He taught at the request of some of his students who were local police officers. The Japanese police force traditionally has its own arresting techniques but they are executed using only force and would not be effective when the man you are dealing with is physically much bigger than you.

I am now the vice president of the committee for the Prevention of Crimes in Omiya. The population of our city is now over 400,000 and I expect that crimes will begin to increase. There are some cases where mental patients have been cured through [Hakko-ryu] techniques and shiatsu. However, mental patients currently are usually just drugged to sleep in mental hospitals.

Many notable people have studied Hakko-ryu, I believe…

Yes. Many have. So Doshin [Doshin Nakano] was one of them. My father taught him only the first or second technique. He complained of a lot of pain and so he learned the rest of the techniques by correspondence. Then he later combined our techniques with Nihon Kenpo and created Shorinji Kenpo.

His students often came to study our art. A 7th dan in Shorinji Kenpo came to study and received the shihan rank. However, many martial artists, especially those who have been doing power techniques [such as Shorinji Kenpo] have a hard time understanding the meaning of relaxing themselves. Those who have no jujutsu background usually progress much faster than those who have. And karate people cannot last either. They have no bodily flexibility. If a slightly strong joint technique is applied to their wrists, they become unable to grab anything for about a month.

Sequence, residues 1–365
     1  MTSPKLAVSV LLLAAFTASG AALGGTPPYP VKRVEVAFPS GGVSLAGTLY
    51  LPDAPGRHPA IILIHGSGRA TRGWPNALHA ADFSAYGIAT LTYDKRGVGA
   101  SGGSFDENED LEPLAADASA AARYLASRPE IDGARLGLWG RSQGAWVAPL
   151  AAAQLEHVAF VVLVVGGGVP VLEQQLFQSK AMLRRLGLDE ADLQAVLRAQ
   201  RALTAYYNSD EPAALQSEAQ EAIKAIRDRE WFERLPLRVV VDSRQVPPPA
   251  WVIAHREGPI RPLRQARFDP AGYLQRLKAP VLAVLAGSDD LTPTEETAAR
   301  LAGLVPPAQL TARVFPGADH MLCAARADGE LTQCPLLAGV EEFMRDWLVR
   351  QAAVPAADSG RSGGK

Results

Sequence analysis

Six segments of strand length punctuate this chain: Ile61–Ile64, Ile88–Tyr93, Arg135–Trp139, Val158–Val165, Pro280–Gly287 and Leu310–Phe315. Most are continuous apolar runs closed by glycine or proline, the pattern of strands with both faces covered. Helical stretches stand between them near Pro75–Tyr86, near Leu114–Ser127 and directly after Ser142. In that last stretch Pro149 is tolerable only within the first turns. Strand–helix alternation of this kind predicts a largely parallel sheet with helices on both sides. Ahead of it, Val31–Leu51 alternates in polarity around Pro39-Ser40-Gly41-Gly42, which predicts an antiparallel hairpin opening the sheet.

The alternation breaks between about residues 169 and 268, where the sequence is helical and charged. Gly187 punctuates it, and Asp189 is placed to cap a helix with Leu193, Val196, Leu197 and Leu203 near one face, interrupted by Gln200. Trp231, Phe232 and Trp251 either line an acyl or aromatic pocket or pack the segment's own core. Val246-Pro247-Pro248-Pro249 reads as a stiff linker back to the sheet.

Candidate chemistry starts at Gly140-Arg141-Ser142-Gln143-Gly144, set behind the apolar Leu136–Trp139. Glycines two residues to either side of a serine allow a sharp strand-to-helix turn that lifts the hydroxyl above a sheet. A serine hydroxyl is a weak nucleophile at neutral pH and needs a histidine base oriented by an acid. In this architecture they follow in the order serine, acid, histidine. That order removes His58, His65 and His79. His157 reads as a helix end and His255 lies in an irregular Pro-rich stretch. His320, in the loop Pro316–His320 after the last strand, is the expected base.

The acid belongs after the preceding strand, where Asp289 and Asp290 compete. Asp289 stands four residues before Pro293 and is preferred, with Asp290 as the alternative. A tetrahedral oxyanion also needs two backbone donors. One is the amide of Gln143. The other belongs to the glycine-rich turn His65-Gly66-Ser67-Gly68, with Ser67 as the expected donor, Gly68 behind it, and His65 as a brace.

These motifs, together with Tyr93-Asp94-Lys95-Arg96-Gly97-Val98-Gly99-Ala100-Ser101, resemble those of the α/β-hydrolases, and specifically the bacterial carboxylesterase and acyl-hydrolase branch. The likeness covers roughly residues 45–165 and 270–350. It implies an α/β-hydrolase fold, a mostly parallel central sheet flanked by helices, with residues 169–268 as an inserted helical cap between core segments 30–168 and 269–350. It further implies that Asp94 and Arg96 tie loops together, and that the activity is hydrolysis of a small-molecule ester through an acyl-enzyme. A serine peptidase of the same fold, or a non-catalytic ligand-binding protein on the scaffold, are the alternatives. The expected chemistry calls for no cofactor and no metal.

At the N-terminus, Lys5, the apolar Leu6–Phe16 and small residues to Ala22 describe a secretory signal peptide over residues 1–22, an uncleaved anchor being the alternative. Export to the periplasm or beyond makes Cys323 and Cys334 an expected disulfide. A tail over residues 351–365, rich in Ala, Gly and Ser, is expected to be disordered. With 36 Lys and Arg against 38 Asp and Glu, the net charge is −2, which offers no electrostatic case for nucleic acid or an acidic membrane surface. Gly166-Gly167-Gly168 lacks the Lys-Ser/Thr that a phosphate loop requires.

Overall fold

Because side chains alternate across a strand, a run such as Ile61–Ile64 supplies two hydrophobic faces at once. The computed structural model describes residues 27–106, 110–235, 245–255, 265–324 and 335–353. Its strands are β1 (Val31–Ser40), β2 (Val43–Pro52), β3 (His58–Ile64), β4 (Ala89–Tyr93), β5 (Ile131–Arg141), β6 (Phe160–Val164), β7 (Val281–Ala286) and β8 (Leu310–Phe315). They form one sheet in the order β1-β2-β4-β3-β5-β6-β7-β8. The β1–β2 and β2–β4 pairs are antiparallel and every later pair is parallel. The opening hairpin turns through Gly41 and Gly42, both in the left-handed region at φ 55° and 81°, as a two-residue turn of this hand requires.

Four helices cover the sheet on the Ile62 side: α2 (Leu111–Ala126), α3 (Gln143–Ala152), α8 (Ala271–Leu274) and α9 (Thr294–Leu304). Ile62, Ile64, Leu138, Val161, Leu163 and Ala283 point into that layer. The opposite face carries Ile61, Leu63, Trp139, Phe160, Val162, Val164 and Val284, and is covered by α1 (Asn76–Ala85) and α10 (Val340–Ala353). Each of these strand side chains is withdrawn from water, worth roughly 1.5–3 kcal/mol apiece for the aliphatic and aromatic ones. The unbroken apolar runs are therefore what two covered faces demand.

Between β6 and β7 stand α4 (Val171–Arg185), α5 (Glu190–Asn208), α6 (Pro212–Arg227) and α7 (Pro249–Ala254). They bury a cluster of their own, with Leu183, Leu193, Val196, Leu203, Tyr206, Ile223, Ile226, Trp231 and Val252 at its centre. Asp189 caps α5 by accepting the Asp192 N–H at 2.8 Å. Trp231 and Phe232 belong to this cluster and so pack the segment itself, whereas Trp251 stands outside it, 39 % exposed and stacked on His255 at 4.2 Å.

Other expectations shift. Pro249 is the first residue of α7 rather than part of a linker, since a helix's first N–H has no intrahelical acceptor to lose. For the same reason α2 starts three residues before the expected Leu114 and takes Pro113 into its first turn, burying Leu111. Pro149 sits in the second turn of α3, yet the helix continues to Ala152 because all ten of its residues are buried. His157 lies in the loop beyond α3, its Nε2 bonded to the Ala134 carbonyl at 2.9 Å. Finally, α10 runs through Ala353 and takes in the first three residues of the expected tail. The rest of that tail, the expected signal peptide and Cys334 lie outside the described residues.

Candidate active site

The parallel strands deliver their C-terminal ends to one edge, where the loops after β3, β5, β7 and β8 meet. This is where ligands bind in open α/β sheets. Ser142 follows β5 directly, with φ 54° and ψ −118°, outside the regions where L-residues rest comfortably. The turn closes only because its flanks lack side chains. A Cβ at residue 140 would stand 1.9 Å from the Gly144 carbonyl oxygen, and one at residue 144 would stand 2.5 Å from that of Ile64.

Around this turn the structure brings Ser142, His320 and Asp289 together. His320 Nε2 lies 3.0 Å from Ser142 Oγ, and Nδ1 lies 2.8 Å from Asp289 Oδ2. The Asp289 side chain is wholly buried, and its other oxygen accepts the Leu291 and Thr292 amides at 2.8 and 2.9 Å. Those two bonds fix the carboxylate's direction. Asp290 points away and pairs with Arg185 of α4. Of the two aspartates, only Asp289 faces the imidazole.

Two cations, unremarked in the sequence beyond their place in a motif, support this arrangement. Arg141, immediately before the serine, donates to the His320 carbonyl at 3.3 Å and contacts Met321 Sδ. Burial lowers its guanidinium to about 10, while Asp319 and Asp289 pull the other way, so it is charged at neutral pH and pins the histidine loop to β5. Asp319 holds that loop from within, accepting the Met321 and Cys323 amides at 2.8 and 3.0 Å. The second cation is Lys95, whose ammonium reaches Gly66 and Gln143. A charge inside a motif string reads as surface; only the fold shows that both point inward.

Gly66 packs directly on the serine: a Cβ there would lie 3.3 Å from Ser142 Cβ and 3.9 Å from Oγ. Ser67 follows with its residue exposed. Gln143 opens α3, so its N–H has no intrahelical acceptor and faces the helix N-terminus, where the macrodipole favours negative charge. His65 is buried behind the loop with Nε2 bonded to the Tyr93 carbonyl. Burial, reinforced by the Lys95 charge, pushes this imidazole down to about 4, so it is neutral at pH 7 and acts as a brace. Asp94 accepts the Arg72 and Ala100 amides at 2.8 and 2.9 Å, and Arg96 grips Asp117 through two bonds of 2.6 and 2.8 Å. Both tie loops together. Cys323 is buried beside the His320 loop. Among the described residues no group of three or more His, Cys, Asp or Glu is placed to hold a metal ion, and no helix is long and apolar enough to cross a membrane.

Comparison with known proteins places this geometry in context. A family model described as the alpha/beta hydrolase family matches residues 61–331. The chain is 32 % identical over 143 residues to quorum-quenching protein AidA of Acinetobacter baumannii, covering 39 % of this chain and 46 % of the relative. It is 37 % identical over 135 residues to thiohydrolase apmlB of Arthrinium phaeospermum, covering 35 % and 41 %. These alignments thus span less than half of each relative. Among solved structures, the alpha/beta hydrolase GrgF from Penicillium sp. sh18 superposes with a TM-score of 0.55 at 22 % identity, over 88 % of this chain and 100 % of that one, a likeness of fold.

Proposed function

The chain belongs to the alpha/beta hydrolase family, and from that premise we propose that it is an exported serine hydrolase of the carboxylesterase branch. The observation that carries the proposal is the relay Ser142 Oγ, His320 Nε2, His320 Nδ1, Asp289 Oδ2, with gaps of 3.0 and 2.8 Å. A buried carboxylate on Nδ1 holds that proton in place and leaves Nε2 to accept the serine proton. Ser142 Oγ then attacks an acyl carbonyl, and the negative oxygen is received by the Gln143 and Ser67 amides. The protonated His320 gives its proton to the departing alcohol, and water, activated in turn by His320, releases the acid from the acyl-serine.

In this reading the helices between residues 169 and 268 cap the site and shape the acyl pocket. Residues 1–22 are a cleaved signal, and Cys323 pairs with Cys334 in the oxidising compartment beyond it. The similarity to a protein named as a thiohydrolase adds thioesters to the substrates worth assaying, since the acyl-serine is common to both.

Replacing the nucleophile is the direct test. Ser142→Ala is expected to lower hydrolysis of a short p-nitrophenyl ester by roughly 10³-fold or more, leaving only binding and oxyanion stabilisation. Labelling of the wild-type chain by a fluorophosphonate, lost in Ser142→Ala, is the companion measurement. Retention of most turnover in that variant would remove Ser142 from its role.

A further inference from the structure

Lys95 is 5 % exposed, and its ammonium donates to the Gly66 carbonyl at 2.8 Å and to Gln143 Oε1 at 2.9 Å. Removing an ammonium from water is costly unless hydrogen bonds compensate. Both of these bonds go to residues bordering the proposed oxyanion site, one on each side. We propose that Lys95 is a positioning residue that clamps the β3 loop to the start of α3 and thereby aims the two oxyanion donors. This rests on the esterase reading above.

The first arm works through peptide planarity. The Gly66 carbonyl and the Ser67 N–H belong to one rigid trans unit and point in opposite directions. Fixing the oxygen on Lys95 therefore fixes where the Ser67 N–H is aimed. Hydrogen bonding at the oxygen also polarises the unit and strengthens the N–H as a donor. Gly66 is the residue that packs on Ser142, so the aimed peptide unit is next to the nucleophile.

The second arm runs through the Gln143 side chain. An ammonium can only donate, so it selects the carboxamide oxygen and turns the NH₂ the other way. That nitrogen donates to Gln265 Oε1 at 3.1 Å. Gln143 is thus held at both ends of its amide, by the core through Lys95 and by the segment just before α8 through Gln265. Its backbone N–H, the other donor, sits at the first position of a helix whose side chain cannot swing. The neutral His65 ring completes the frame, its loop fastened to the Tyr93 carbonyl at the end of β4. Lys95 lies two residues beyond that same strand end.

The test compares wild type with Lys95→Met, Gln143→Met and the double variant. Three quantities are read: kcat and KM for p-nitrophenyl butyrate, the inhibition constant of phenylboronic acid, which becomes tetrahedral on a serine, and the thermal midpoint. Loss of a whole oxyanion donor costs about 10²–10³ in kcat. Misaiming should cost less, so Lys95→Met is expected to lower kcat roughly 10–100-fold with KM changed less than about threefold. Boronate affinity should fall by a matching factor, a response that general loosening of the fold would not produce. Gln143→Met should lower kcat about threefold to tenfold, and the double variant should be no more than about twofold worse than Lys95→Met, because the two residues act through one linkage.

Did the Headmaster talk about the martial arts he had studied, or Sokaku Takeda at all?

Not much. It seems that he went through all kinds of hardships [in creating Hakko-ryu]. The arts that he studied tended towards power techniques. He realized that such power techniques would eventually be limiting because when two practitioners clash with power, they are unable to execute a technique on each other. This was why he created his own art.

We often receive phone calls from those practicing Daito-ryu saying they wish to study Hakko-ryu because they do not understand Daito-ryu and they think that they are immobilized only by force. The response to our art has really been great since the article about it was published in the monthly magazine Karatedo.

Seeing the pictures of your demonstration we can see some techniques which are similar to Daito-ryu. Although we believe that Headmaster Okuyama added his own theory into the techniques, we would like to ask you this. What is the difference between Hakko-ryu techniques and the old jujutsu techniques?

The old style jujutsu are all power-based techniques. I can see that from various video tapes. The reason we do not make a video of our art is that our techniques are not something you could understand through a tape. The Headmaster used to say that nobody should be allowed to observe our practice. He said that there would be no need for you to study the art if the techniques could be learned through observation. Our techniques are something you understand for the first time only by being taught directly.